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Pilot Study of Inhaled Nitric Oxide to Treat Pulmonary Insufficiency in Congenital Heart Disease

This study has been terminated.
(Investigator left institution)
Sponsor:
ClinicalTrials.gov Identifier:
NCT00543933
First Posted: October 15, 2007
Last Update Posted: January 27, 2017
The safety and scientific validity of this study is the responsibility of the study sponsor and investigators. Listing a study does not mean it has been evaluated by the U.S. Federal Government. Read our disclaimer for details.
Information provided by (Responsible Party):
The Cleveland Clinic
  Purpose
Inhaled nitric oxide in patients with pulmonic valve insufficiency.

Condition Intervention Phase
Pulmonary Insufficiency Drug: iNO administered Early Phase 1

Study Type: Interventional
Study Design: Intervention Model: Single Group Assignment
Masking: None (Open Label)
Primary Purpose: Treatment
Official Title: Acute Effect of Inhaled Nitric Oxide on Pulmonary Insufficiency in Congenital Heart Disease

Resource links provided by NLM:


Further study details as provided by The Cleveland Clinic:

Primary Outcome Measures:
  • pulmonary regurgitant volume and fraction [ Time Frame: Single time point ]
    Aortic regurgitant fraction measured by CMR velocity flow mapping


Enrollment: 18
Actual Study Start Date: October 2007
Study Completion Date: June 2010
Primary Completion Date: June 2010 (Final data collection date for primary outcome measure)
Arms Assigned Interventions
Experimental: iNO administered
iNO administered at 40 ppm via a non-rebreather mask
Drug: iNO administered
iNO at 40 ppm through a non-rebreather mask for 5 minutes
Other Name: Nitric Oxide

Detailed Description:
Pulmonic valve insufficiency (PI) is a well-defined problem after primary surgical repair of Tetralogy of Fallot (TOF). Though well-tolerated for years, long-term PI can lead to structural changes in the right ventricle, the sequelae of which include right heart failure, arrhythmia, and sudden cardiac death. The only current treatment for severe symptomatic PI is pulmonic valve replacement. We hypothesize that inhaled nitric oxide (iNO), a selective pulmonary vasodilator, can acutely decrease PI as assessed by cardiac magnetic resonance imaging (CMR). Methods: 22 consecutive patients with PI in the setting of corrected TOF or post pulmonic valve balloon valvuloplasty will undergo a clinically indicated CMR. Nitric oxide gas will be delivered via facemask through a specialized delivery device at 40ppm. After 5 minutes, flow velocity mapping and gradient echo sequences will be repeated to assess pulmonary regurgitant fraction, right ventricular volumes, and ejection fraction. Nitric oxide will be discontinued after acquisition of the last picture. Wilcoxon rank-sum for paired data will be used to assess effect of intervention. Significance: If decreasing pulmonary vascular resistance decreases PI, medical therapy with long-acting pulmonary vasodilators may be an attractive therapeutic option with the goal of delaying or even obviating pulmonic valve replacement.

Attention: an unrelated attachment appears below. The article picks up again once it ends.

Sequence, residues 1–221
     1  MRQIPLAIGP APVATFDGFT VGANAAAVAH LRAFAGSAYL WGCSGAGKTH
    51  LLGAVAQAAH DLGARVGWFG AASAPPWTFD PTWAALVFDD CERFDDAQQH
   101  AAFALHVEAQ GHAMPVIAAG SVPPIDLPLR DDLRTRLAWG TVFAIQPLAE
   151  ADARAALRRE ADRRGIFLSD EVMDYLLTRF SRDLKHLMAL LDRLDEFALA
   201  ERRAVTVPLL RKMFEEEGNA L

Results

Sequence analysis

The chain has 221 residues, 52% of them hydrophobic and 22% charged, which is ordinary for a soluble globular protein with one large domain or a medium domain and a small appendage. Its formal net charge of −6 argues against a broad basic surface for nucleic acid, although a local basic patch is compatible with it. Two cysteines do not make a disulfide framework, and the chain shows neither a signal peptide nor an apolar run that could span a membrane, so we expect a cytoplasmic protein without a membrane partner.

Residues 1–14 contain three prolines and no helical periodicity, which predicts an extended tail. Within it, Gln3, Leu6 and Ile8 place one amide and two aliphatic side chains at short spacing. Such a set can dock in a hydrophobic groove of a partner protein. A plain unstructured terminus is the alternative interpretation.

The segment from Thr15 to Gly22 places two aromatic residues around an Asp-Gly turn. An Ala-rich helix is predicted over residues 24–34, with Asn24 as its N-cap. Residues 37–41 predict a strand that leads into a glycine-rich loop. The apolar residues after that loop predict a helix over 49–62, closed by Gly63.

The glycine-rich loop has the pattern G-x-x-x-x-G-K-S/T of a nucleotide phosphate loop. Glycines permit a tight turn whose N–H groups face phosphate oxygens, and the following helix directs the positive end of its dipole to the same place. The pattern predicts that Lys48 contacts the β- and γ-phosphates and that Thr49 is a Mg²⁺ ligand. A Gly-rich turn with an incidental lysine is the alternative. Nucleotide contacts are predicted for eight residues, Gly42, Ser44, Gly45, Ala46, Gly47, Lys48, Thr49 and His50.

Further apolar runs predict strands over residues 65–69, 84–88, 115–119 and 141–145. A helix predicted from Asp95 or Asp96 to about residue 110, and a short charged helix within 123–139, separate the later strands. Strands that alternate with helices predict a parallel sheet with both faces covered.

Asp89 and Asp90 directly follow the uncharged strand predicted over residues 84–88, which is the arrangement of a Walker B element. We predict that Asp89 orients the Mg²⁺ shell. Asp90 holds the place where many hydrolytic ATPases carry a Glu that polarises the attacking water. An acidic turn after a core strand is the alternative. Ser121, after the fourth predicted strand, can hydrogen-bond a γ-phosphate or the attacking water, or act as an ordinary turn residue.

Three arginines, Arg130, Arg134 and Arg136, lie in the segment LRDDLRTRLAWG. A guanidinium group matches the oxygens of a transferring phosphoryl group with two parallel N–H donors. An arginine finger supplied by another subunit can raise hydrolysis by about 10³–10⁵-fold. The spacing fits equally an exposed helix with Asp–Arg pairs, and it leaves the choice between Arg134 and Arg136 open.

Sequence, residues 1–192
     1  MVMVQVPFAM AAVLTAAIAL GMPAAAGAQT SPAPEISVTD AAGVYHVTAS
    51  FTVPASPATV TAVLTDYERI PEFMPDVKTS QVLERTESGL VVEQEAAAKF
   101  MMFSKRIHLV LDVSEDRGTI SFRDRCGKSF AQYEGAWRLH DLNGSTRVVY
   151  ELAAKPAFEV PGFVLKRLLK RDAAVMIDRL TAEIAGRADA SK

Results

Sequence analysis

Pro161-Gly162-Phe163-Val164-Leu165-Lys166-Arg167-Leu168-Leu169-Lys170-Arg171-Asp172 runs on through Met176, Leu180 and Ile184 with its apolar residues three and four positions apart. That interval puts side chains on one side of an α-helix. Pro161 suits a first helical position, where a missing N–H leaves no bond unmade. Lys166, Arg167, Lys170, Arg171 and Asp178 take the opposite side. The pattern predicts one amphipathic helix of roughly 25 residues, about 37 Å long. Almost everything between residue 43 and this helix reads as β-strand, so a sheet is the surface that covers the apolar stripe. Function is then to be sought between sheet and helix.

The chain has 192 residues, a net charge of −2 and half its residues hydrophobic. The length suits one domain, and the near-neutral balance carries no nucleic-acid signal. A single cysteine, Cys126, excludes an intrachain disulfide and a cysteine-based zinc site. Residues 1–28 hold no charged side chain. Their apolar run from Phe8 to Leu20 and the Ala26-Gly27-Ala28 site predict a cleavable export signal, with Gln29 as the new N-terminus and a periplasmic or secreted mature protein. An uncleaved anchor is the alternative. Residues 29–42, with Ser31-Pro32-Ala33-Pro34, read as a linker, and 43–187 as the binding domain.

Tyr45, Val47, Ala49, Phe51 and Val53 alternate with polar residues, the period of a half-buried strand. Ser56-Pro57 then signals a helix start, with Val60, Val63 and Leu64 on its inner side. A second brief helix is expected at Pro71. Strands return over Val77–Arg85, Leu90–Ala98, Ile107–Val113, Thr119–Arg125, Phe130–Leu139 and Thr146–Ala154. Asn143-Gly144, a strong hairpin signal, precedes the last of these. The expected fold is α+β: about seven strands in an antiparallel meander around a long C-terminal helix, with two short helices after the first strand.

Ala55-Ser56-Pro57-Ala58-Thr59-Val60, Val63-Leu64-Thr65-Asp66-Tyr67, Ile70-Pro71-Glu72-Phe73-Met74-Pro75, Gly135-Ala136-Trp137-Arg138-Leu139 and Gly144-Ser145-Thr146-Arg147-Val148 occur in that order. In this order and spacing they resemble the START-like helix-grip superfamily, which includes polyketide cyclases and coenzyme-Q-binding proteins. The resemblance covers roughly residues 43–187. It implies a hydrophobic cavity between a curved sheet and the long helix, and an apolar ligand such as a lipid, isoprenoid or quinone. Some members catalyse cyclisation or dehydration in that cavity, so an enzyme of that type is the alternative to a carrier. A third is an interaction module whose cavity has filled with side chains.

Eligibility

Information from the National Library of Medicine

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Ages Eligible for Study:   18 Years and older   (Adult, Senior)
Sexes Eligible for Study:   All
Accepts Healthy Volunteers:   No
Criteria

Inclusion Criteria:

  • Known pulmonary insufficiency status
  • Previous Tetralogy of Fallot repair or balloon valvuloplasty/surgical valvotomy for pulmonary stenosis
  • Clinically indicated cardiac magnetic resonance imaging study

Exclusion Criteria:

  • Enrollment in another clinical trial
  • Age less then 18 years
  • Inability to provide informed consent
  • Institutionalized individual
  • Pregnant or lactating
  • Serious claustrophobia
  • Pacemaker/ICD
  • Aneurysm clips
  • Internal hardware
  • Severe obesity (>350lbs)
  • Residual ventricular septal defect
  • History of methemoglobinemia
  • History of blood dyscrasias
  • Acute pulmonary infection
  • Pulmonary edema
  • Hypersensitivity to nitric oxide or any of its components
  • Left ventricle dysfunction (EF<40%)
  • Concurrent use of nitroglycerin or prilocaine
  Contacts and Locations
Information from the National Library of Medicine

To learn more about this study, you or your doctor may contact the study research staff using the contact information provided by the sponsor.

Please refer to this study by its ClinicalTrials.gov identifier (NCT number): NCT00543933


Locations
United States, Ohio
The Cleveland Clinic
Cleveland, Ohio, United States, 44195
Sponsors and Collaborators
The Cleveland Clinic
Investigators
Principal Investigator: Richard Krasuski, MD The Cleveland Clinic
  More Information

Publications automatically indexed to this study by ClinicalTrials.gov Identifier (NCT Number):
Responsible Party: The Cleveland Clinic
ClinicalTrials.gov Identifier: NCT00543933     History of Changes
Other Study ID Numbers: 07-491
First Submitted: October 11, 2007
First Posted: October 15, 2007
Last Update Posted: January 27, 2017
Last Verified: January 2017
Individual Participant Data (IPD) Sharing Statement:
Plan to Share IPD: No

Studies a U.S. FDA-regulated Drug Product: Yes
Studies a U.S. FDA-regulated Device Product: No
Product Manufactured in and Exported from the U.S.: Yes

Additional relevant MeSH terms:
Heart Diseases
Heart Defects, Congenital
Cardiovascular Diseases
Cardiovascular Abnormalities
Congenital Abnormalities
Nitric Oxide
Bronchodilator Agents
Autonomic Agents
Peripheral Nervous System Agents
Physiological Effects of Drugs
Anti-Asthmatic Agents
Respiratory System Agents
Free Radical Scavengers
Antioxidants
Molecular Mechanisms of Pharmacological Action
Neurotransmitter Agents
Endothelium-Dependent Relaxing Factors
Vasodilator Agents
Gasotransmitters
Protective Agents